Senate Repeal Bill More Than Doubles Number of Uninsured Kids

The “Better Care Reconciliation Act” a.k.a. the Senate’s proposal to repeal and replace the Affordable Care Act and cut Medicaid would result in a sharp U-turn in the nation’s historic progress on children’s health coverage. Our nation recently brought the uninsured rate for children down to a record low of less than 5%.  A new analysis from the Urban Institute finds that the number of uninsured children would increase to 7.7 million in 2022 nationwide – spiking the uninsured rate for children up to 9.5%. This means that over four million children would lose their health insurance coverage if this bill were to be enacted as compared to leaving the current law in place.

As readers of SayAhhh! know, the rate of uninsured kids has been on a steady decline for some time thanks to Medicaid, CHIP and the ACA. But these cuts aren’t just about repealing the ACA – when the ACA was enacted in 2014 the uninsured rate for kids was 6 percent. An uninsured rate of 9.5% would roll back that progress on top of all the progress that was made since CHIPRA was enacted in 2009 – progress that has had bipartisan support nationwide.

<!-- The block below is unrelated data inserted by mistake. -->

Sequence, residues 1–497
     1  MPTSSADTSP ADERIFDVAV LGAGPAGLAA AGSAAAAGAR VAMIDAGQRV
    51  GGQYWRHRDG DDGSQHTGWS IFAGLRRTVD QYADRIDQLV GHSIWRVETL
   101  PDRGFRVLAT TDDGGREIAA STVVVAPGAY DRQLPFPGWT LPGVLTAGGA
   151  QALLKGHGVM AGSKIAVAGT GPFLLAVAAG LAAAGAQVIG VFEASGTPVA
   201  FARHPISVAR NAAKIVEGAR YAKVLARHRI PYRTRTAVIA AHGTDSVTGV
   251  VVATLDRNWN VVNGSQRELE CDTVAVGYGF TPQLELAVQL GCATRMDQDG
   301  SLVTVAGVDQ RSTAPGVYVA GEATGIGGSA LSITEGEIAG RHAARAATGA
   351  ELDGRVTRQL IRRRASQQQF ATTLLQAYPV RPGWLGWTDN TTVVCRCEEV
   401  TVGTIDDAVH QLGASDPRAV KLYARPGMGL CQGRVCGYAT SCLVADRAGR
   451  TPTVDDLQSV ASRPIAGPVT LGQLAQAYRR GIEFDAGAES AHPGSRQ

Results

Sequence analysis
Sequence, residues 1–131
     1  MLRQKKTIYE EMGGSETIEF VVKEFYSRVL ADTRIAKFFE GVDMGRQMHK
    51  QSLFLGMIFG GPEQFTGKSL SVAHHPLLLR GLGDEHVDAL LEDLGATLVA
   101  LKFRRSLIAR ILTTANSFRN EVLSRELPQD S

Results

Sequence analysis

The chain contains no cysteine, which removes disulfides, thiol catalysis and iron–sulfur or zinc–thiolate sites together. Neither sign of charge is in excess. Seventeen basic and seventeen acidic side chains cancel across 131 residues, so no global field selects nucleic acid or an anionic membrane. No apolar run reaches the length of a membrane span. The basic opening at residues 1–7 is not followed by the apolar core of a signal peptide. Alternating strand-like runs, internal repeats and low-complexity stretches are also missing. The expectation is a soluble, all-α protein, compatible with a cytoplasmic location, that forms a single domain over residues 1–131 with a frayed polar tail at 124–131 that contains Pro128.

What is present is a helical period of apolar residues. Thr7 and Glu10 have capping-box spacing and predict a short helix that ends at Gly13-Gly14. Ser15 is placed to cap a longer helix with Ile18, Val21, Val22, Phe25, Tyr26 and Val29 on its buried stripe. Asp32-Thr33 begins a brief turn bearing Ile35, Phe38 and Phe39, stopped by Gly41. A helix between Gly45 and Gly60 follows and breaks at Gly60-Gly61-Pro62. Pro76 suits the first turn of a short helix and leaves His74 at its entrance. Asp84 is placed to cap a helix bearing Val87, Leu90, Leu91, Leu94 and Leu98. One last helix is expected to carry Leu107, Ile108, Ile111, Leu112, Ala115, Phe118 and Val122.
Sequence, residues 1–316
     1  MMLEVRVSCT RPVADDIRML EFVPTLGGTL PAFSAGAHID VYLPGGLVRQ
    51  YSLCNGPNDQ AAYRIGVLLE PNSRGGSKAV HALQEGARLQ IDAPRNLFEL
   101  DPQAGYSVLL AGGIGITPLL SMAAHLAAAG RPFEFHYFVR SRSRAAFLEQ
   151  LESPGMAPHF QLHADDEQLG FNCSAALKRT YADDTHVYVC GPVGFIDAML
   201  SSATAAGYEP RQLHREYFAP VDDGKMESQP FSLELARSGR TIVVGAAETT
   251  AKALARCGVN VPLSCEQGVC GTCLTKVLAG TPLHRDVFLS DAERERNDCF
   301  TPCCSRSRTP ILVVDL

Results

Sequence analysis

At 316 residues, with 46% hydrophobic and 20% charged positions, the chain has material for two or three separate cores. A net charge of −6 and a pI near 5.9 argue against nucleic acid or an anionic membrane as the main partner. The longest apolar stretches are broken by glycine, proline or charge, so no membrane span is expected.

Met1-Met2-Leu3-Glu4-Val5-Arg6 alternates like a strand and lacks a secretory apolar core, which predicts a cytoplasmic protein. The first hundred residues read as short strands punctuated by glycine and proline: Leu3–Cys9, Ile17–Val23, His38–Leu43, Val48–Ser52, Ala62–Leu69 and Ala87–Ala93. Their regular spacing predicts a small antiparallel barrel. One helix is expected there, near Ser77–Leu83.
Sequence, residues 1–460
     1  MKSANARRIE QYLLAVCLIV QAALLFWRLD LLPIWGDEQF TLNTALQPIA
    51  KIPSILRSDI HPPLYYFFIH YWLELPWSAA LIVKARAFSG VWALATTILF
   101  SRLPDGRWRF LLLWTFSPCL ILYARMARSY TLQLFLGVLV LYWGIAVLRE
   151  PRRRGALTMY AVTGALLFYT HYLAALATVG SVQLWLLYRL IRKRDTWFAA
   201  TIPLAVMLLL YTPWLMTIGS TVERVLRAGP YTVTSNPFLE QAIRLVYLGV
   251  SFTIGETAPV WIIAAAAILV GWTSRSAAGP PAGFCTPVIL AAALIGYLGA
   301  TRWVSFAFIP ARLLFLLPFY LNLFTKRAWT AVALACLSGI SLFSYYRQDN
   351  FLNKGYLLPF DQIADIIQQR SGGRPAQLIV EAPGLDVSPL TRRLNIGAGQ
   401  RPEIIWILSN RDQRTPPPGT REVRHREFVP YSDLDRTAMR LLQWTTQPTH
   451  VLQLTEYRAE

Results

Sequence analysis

Children’s coverage losses would be felt in states across the nation with the largest numbers of children being impacted in Texas (295,00 children), Florida (286,000) and California (539,000). States that have done a really good job in reducing their uninsured children would see some of the sharpest increases in their uninsured rate.  West Virginia would see the largest increase in percentage terms suffering a 456% increase in the number of uninsured children if the BCRA becomes law.

Cutting children off of their health insurance coverage is mean spirited and short-sighted. Insurance not only ensures that children have access to needed preventive and acute care, it also enhances their prospects in school and in life. Having insurance allows kids to play on their school’s baseball team without fear of an injury sending them to the ER and the debt collector.

Joan Alker is the Executive Director of the Center for Children and Families and a Research Professor at the Georgetown McCourt School of Public Policy.